Dangerous Fur (2016)

Danger is not something external to ourselves that we can eradicate from our lives.

This project is a work in progress….

>> Flickr set


Our bodies evolved over millions of years to survive an environment shaped by natural forces. We’ve used our bodies to modify this environment, building tools, technology, infrastructure and community to overcome the dangers that threatened our survival. Today our bodies survive the dangers of the built environment we’ve created.

Walls, railings, enclosures, protective clothing, preventive drugs are all there to protect us from physical harm. We live in a world in which it is okay to interact with almost everything. And if not, then we trust that our governing bodies have put laws in place to protect us. Poisonous items will be labeled, slippery surfaces signposted, the radio frequencies from our cellphones will not be cancerous, the plastic encasing our laptop will not be toxic and superglue will not be sold to children.

Yet we seek out situations that take us outside this constrained world of Health and Safety in order to experience danger. Extreme sports are an example of our desire to face the unknown and uncontrollable elements of nature. By facing the possibility of getting hurt, we are forced to make our own decisions.

Dangerous Fur adds an instance of physical harm to our interactions with the built environment. Making our body vulnerable to pain by lining it with a series of mechanical and electrical hairs that can seriously hurt us. Even in the safest of situations it threatens us with danger.


This project proposal emerges from my fascination with how we’ve used our human ability and skill to shape the world around us. In order to do so we developed many hand tools that allowed for a risky process, meaning we could mess up at any point. Machine tools imply a process of certainty, aimed at mitigating such risk. In order to command these certain processes we use interfaces of certainty. Our hands become tools for translating our ideas from mind to computer. Danger is mitigated by Ctrl+Z. Pressing buttons and moving the mouse are entirely safe interactions. The buttons won’t shock us, the mouse won’t nibble at our fingers. There is no danger, no moment of fear. I want to work with these machines on a more risky level. Dangerous Fur is not a practical answer to this desire, but rather a wearable opportunity for dangerous engagements with a very safe world.

Technical Specifications

Dangerous Fur is a man-made fur structure assembled from dress pins, 3D printed textile and integrated circuitry. The link to the Flickr set shows sketches and images of my first prototypes that lead to the idea. I imagine the final design to look much more technical (less steam punk). The fur should be a densely populated material that can be tailored like fabric to produce a series of wearable fur accessories such as gloves, shoulder and leg wraps.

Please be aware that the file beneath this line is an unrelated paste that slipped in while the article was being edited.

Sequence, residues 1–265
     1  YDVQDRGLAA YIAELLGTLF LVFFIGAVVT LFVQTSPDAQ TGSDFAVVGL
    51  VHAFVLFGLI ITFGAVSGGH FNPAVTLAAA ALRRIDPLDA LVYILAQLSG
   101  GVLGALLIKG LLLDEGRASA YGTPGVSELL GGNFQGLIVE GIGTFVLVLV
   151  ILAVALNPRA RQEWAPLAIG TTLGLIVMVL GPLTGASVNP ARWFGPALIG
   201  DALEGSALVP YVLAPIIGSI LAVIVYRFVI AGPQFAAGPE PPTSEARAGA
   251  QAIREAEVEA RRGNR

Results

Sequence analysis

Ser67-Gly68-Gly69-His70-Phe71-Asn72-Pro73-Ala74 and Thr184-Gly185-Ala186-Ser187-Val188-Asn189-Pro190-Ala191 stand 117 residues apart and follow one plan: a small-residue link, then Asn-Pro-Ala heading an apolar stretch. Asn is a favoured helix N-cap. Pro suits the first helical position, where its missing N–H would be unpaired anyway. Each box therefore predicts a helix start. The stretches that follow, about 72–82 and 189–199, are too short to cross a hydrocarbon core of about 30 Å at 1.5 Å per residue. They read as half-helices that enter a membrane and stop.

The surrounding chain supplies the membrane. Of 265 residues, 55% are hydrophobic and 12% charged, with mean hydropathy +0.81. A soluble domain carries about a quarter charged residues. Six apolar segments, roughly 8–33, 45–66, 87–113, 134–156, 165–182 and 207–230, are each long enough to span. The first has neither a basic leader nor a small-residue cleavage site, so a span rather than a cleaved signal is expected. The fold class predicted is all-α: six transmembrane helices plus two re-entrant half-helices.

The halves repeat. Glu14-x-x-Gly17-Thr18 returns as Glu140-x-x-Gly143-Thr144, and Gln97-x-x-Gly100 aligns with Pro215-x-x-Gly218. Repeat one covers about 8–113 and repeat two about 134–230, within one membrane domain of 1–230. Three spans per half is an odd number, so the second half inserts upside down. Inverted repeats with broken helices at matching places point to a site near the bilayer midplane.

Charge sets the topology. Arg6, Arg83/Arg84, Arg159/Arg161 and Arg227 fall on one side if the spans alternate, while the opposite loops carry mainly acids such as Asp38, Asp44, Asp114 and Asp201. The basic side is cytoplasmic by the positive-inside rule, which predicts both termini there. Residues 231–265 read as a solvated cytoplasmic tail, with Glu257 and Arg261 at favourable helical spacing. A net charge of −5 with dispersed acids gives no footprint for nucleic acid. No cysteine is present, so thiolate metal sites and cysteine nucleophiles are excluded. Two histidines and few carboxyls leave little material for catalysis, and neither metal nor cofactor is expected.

In my current thinking the fur actually consists of two kinds of fur that address different parts of our body in terms of what surfaces we actively use to touch, and which surfaces passively receive touch.

Inner fur: is applied to the inner surfaces of the body such as the palm of the hand and the chest. It is a purely mechanical construction consisting of suspended dress pins pointing towards our skin. Even the slightest pressure exerted on the fur will cause the pins to contact the skin. The amount of pressure required to press the key on a keyboard results in the pin piercing the first layer of skin.

Outer fur: applied to the outer surfaces of our body such as the back of the hand and the shoulder. A fury needle structure made up of dress pins that are internally wired up as electrodes to a circuit that will cause an electric shock to the body when two needles touch because the fur was stroked or brushed against a surface.


Many “modern” ways of manipulating the built environment eradicate the skill and dexterity of the human hand from the equation. Instead interfaces require our hands only as input mechanisms to translate our human brain capacity into machine language. Dangerous Fur seeks to bring the hand, the body, the sensory organ back into the digital manipulation process.

Our hands are our primary tools for manipulating materials to manufacture. Machine tools move our manual manipulations away from being a risky process, towards becoming more and more certain. In order to translate our intentions into reality using many of the highest tech manufacturing tools such as 5axis mills, laths, knitting machines, looms… our hands play the role of translating our creative abilities from our minds on to computers that will control the machines. The instance of clicking the mouse button or typing on a keyboard are extremely certain interactions. There is no danger, Control z, undo…

The initial ideas for a Dangerous Fur came during a 4-month residency at Autodesk’s Pier 9.